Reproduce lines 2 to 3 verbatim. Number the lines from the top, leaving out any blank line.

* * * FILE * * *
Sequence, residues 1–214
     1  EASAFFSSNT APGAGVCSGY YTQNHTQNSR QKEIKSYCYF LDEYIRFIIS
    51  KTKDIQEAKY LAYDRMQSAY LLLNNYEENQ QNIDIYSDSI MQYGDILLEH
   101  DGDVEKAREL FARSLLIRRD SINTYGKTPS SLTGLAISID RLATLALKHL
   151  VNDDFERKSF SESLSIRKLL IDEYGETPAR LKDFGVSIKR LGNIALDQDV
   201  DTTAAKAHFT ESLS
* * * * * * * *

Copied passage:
     1  EASAFFSSNT APGAGVCSGY YTQNHTQNSR QKEIKSYCYF LDEYIRFIIS
    51  KTKDIQEAKY LAYDRMQSAY LLLNNYEENQ QNIDIYSDSI MQYGDILLEH